3.1. Overall Survival

Median OS following initial diagnosis was 26.4 months and following first PHP-M treatment was 16.7 month, as determined by the Kaplan–Meier method (Figure 1(a)). Progression-free survival (PFS) was 751.8 days since first imaging (SD 515.5 days) and 427.8 days since first PHP (SD 295.2 days) (Figure 1(b)).

A lower tumor volume decreases the risk of mortality: increased OS was found associated with lower tumor volume (hazard ratio (95% confidence interval) for the tumor volume as stratified in 10 mL versus 150 mL: 0.190 (0.041, 0.893)). However, there was only a weak correlation between age and survival (HR (95% CI) for 65 versus 50 years: 0.627 (0.187, 2.100); Figure 2). The influence of gender was also estimated: in our patient cohort, the risk to females was only 15% of the risk to male patients (HR: 0.146 [0.017, 1.240]) (Figure 3). A correlation of OS to “time from initial diagnosis” showed a hazard ratio of 1.071 (lower/upper HR: 0.759/1.512), and the value was not significant (0.695).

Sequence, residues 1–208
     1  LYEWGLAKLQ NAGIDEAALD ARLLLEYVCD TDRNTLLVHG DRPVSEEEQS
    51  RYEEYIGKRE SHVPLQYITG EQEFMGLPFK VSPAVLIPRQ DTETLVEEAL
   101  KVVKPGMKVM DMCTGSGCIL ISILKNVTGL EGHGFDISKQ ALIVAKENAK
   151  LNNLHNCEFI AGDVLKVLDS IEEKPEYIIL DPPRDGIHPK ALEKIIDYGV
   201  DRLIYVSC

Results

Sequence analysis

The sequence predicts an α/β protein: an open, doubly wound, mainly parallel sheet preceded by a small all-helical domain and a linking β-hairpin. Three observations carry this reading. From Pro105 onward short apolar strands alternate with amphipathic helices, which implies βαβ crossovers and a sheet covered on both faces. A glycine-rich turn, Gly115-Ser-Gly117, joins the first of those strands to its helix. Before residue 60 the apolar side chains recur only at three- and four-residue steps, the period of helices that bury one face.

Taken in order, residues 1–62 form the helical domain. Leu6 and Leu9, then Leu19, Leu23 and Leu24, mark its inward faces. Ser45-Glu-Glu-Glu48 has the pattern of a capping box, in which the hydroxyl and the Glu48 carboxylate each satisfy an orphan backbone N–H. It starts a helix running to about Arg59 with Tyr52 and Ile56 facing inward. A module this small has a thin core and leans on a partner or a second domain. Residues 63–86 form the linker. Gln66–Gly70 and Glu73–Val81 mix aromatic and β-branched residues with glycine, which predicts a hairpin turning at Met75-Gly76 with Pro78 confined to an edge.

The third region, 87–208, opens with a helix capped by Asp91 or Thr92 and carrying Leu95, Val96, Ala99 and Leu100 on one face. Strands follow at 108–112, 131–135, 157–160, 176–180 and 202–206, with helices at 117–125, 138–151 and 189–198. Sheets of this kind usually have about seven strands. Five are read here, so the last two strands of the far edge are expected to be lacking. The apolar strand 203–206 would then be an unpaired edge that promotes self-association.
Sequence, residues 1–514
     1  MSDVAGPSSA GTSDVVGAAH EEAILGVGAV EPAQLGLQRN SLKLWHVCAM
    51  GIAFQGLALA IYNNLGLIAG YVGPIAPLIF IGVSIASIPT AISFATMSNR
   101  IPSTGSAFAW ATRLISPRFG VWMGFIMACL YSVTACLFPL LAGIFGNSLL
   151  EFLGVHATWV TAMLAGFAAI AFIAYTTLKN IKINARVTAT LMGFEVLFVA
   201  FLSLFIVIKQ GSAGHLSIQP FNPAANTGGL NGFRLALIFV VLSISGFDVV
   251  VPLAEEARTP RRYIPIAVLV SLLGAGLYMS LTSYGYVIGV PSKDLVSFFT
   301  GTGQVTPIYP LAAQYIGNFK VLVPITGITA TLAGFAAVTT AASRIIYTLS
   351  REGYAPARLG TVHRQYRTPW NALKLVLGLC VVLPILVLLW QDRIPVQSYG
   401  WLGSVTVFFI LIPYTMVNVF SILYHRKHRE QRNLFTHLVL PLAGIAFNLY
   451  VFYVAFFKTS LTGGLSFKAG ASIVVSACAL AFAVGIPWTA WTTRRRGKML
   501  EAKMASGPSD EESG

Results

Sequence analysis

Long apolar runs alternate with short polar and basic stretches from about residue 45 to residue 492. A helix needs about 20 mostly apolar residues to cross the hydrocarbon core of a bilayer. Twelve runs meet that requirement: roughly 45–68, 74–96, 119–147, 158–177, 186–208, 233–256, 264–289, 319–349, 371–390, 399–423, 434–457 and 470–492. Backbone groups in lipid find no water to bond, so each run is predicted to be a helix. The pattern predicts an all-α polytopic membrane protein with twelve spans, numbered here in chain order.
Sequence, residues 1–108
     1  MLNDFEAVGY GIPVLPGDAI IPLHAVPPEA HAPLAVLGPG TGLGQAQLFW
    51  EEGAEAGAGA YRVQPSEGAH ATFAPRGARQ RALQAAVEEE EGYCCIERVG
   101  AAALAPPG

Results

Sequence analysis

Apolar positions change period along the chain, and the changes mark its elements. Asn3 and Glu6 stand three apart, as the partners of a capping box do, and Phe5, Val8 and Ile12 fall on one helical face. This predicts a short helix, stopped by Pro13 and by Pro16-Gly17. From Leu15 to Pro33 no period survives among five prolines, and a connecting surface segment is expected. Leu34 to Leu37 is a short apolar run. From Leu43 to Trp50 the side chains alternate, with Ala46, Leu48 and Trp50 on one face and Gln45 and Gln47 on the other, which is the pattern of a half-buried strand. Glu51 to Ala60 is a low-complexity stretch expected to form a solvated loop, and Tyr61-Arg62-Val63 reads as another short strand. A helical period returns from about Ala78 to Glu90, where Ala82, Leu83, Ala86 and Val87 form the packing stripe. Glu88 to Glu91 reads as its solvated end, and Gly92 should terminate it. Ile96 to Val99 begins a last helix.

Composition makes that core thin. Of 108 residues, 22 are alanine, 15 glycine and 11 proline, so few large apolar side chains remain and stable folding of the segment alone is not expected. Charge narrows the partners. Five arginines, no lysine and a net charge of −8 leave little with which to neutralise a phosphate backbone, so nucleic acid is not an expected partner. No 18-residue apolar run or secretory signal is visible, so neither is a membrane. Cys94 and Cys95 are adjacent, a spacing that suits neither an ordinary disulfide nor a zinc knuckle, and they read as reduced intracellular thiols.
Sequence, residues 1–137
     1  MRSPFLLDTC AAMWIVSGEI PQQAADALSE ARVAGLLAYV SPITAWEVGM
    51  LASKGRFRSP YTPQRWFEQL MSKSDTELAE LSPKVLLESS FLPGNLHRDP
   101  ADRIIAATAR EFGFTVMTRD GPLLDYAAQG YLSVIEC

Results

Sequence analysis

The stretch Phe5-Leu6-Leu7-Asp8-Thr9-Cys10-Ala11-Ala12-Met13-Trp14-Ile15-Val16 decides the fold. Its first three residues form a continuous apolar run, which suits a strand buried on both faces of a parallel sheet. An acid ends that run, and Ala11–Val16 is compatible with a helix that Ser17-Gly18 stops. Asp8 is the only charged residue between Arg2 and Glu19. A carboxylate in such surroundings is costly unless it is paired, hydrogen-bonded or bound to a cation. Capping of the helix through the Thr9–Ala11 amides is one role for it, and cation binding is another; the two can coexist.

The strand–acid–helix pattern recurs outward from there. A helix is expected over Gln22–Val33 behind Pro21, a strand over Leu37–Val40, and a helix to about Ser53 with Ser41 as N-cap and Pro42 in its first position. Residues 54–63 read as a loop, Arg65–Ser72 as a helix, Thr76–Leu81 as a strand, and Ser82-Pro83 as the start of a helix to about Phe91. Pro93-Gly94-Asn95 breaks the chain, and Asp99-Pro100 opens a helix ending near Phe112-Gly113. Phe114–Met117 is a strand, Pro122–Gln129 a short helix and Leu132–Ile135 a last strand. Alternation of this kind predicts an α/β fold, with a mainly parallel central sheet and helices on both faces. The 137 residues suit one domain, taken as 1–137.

Elevation of serum LDH (in steps of 200 units) resulted in a hazard ration of 1.934 (lower/upper HR: 0.873/4.282); however, this trend was not significant (). An increase in the sum of tumor diameter had a hazard ration of 2.503 (lower/upper HR: 0.732 8.556) in our cohort; but did not reach statistical significance ( 0.143).

Estimates of OS were 0.213 (0.0449, 1) from first imaging (95% confidence interval) to 5 years and 0.793 (0.609, 1) and 0.604 (0.380, 0.960) for 1 and 2 years after chemosaturation, respectively.

3.2. Restaging by RECIST

Ten of 19 patients achieved a partial response (PR; 53%), and 9/19 had stable disease (SD; 47%) following the initial treatment. There was no progressive disease (PD) and no complete response (CR).